Now, some possibilities need to be entertained. By 1 July, 1762, a sailor, William Bligh, was on HM Monmouth, 64 guns, listed as Wm Blyth, captain's servant. ([31]) But Bligh need not actually have set foot on the ship. This appointment was owed to a friend of the family, Capt. Keith Stewart, who later helped Bligh's promotion to Lieutenant in 1782. The question might be relevant: Was Capt. Keith Stewart related to Campbell's partner, John Stewart? (And in 1762, papers arose in London relating to the extension of wharves in London, which mention one Duncan Campbell. ([32]) Whether this was the convict contractor remains unknown.)

 

* * *

 

Increases in the number of convicts:

 

In November 1768 arrived at Maryland, Randolph Capt. John Weber Price from Bristol with 115 felons to be sold by Smith and Sadler. ([33]) Records indicate that during 1763 the number of prisoners appearing for transportation began to increase. The end of the Seven Years War had displaced numbers of convicts from employment in the army and naval dockyards, which meant added profit for the convict service. ([34]) The long-term convict contractor Andrew Reid allowed his contracts to lapse and retired about 1763. That year, two of the most active merchants in the Rappahanock Valley, helping manage trade in "convict servants," were James Miller and James Robb, but it is not known which British merchants they acted for. ([35])(A further sign of gathering local sophistication in "moral citizenship" in the colonies, became visible long later in the themes of Michener's novel, Chesapeake; in Maryland, in 1769 the Assembly wanted a better system of identifying convicts - so a registry was to be kept. Meanwhile in Britain, men and women were seldom imprisoned for longer than three years.) ([36])

 

* * *

 

By February 1763 ([37]), with the end the Seven Years War, there began a period when the British government was freer to assert its authority over evildoers without fear of foreign interruption. The crown had the right to pardon or commute a sentence. Prior to 1763, as there was no centralised system of gaol control, much of the expense [of gaols, etc.] had fallen on local authorities. More contracts were made with John Stewart. ([38]) Crime increased, presumably as soldiers returned home only to meet unemployment. On 16 May, 1763 was dated a petition for reprieves for convicts willing to act as subjects for medical experiment. ([39]) This was refused, as patients in hospital could already act in that capacity if they wished.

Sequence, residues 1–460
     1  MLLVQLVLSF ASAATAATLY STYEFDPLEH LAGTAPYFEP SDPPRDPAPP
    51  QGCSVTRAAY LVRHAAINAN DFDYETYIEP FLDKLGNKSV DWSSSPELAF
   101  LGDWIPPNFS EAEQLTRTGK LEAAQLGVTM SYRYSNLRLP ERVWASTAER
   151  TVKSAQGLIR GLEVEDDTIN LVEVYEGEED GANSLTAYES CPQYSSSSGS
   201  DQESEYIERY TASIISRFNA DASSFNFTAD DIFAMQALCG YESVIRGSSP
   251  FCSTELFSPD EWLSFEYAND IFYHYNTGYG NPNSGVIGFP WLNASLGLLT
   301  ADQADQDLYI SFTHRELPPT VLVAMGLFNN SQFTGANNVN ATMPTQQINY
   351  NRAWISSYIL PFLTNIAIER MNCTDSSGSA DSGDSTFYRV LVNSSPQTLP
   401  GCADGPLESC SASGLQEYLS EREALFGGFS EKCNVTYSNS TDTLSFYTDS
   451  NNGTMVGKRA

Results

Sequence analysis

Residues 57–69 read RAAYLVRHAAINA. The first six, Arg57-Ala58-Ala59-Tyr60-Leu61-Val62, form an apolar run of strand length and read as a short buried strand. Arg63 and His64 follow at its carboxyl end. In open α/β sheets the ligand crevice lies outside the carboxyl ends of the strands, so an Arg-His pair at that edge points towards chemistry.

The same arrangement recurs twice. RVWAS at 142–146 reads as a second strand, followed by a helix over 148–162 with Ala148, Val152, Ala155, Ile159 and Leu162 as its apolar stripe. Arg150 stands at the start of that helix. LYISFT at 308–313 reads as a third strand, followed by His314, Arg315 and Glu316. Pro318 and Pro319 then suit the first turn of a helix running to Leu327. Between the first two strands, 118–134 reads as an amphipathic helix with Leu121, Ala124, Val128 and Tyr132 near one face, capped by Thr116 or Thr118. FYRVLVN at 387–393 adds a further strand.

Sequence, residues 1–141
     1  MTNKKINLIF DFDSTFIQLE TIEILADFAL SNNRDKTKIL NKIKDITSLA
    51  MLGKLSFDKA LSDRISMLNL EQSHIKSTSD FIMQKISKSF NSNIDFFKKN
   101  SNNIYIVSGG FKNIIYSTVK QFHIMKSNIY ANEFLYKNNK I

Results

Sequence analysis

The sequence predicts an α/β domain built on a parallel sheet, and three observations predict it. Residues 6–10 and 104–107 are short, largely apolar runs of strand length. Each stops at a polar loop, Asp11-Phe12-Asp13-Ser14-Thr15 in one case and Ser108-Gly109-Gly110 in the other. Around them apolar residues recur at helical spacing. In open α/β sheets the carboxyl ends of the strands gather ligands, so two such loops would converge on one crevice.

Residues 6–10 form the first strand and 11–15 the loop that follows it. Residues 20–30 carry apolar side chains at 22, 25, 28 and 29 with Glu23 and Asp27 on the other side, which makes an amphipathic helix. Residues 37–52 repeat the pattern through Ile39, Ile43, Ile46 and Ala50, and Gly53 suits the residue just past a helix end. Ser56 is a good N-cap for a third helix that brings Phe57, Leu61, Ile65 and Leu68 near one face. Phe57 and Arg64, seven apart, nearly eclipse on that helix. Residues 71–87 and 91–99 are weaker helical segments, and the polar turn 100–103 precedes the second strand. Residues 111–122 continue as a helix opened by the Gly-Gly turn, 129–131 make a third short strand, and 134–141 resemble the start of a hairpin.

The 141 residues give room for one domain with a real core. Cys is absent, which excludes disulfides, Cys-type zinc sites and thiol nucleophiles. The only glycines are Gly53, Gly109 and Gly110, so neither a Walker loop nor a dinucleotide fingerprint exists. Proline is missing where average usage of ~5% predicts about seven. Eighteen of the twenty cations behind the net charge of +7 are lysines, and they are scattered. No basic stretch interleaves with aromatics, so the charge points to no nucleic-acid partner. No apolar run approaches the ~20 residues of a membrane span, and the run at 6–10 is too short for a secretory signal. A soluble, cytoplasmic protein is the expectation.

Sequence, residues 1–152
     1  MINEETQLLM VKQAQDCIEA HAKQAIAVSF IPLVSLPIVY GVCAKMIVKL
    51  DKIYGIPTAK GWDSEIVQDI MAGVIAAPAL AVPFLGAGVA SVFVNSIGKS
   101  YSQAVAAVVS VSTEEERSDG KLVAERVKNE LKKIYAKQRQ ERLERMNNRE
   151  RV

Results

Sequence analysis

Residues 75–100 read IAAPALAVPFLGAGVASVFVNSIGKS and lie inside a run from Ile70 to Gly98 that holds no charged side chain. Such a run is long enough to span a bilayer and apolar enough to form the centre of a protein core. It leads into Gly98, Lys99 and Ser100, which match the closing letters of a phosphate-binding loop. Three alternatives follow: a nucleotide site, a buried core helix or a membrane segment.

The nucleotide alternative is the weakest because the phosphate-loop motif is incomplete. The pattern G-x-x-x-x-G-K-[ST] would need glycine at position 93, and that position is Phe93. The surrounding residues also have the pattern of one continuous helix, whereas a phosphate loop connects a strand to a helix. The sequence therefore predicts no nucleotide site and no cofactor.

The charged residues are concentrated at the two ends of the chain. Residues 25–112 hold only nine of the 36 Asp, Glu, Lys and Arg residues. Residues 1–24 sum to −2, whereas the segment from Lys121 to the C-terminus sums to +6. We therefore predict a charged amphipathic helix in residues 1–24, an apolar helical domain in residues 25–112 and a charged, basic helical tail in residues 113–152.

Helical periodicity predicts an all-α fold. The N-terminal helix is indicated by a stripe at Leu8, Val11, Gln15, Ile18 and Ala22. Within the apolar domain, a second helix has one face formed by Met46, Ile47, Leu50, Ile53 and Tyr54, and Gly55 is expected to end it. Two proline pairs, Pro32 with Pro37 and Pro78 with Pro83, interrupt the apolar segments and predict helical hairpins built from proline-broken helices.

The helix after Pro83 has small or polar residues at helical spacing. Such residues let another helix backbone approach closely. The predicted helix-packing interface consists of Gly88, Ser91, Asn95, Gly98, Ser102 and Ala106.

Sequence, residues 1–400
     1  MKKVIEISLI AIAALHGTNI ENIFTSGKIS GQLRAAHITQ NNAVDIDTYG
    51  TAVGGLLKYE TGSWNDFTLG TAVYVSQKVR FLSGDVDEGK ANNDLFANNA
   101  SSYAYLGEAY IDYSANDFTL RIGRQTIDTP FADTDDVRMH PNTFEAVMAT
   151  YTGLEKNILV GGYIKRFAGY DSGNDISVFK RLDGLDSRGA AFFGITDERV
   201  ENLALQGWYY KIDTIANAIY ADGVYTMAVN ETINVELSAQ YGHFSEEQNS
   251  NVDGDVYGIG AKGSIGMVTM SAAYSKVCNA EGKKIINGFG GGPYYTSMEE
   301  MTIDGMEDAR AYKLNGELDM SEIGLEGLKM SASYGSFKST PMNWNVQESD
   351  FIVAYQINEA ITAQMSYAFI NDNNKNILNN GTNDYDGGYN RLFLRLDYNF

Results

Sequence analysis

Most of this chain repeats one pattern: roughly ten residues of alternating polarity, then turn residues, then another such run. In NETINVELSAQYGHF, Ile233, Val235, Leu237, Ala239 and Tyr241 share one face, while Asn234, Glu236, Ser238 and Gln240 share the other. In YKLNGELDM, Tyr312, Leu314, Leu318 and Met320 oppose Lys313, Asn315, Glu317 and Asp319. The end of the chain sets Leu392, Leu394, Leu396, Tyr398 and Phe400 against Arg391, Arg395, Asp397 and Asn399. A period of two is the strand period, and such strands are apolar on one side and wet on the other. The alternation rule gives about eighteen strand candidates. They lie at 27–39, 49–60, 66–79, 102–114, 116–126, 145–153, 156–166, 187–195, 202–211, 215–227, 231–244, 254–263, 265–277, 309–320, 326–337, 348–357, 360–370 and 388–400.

On 5 November, 1763, Lord Halifax informed the Lords of Trade that His Majesty's pleasure was that they should report on the possibility of employing convicts of both sexes on public works in America. But it was deemed that there were no such public works, and that military matters were not the board's business. The date is significant as one of the first suggestions that convicts could or should labour on public works, whether in Britain or the colonies. The notion later grew almost of its own volition, to be fed most of all by the politician, William Eden.

 

Commerce and the Campbell family:

 

In Glasgow (presumably) there was born to Richard Betham and Molly Campbell, a son, Campbell, on 14 January, 1763. Betham must have been no Covenanter, for the boy was baptized at the Episcopal Church of Glasgow. Campbell Betham later became a doctor at Whitehaven. And on 1 May, 1763, Duncan's brother Archibald acquired a commission in 26 Marines. The American historian, A. E. Smith records Colin Somerville as being on the first of his total of seven voyages between London and Virginia on Justitia in 1764, unaware Somerville was Campbell's nephew. ([40]) Smith for 1764 also records the voyage of one Capt. Dougal McDougal on Dolphin, departing London on 2 June with 141 convicts. Dolphin was registered as arriving at Annapolis, then the central depot on the Chesapeake for the delivery of imported labour - white indentured, black slave and white convict - on 14 August. (JS&C did deliver elsewhere on occasion). Annapolis as a market for human cattle was seldom mentioned specifically in the Campbell letterbooks, as Campbell usually directed his ships to the Rappahanock River, which entered Chesapeake Bay on the Virginian coast. ([41]) Meanwhile, A. E. Smith, gave Campbell/JS&C a carefully-considered place as a firm looming increasingly larger in the convict service. ([42])

 

In 1764, the year Colin Somerville began sailing on Justitia, Campbell himself apparently sailed as supercargo on Tryal Capt. Alex Stewart, 160 tons. ([43]) At first sight, it looks like Campbell went to the colonies as trade was poor at the time. ([44]) (Another listing gives - Departing England March 1764 Tryal Capt. William McGachin for America.) ([45]) Also in 1764 sailed Justitia, 305 tons, for JS&C, Capt. Colin Somerville, Campbell's Edinburgh nephew, with 206 convicts. Colin Somerville made six more voyages, ([46]) and later Colin was to be joined by his brother Neil as a Campbell employee. Due to their business methods, both Neil and Colin ended in provoking the wrath of their uncle. ([47])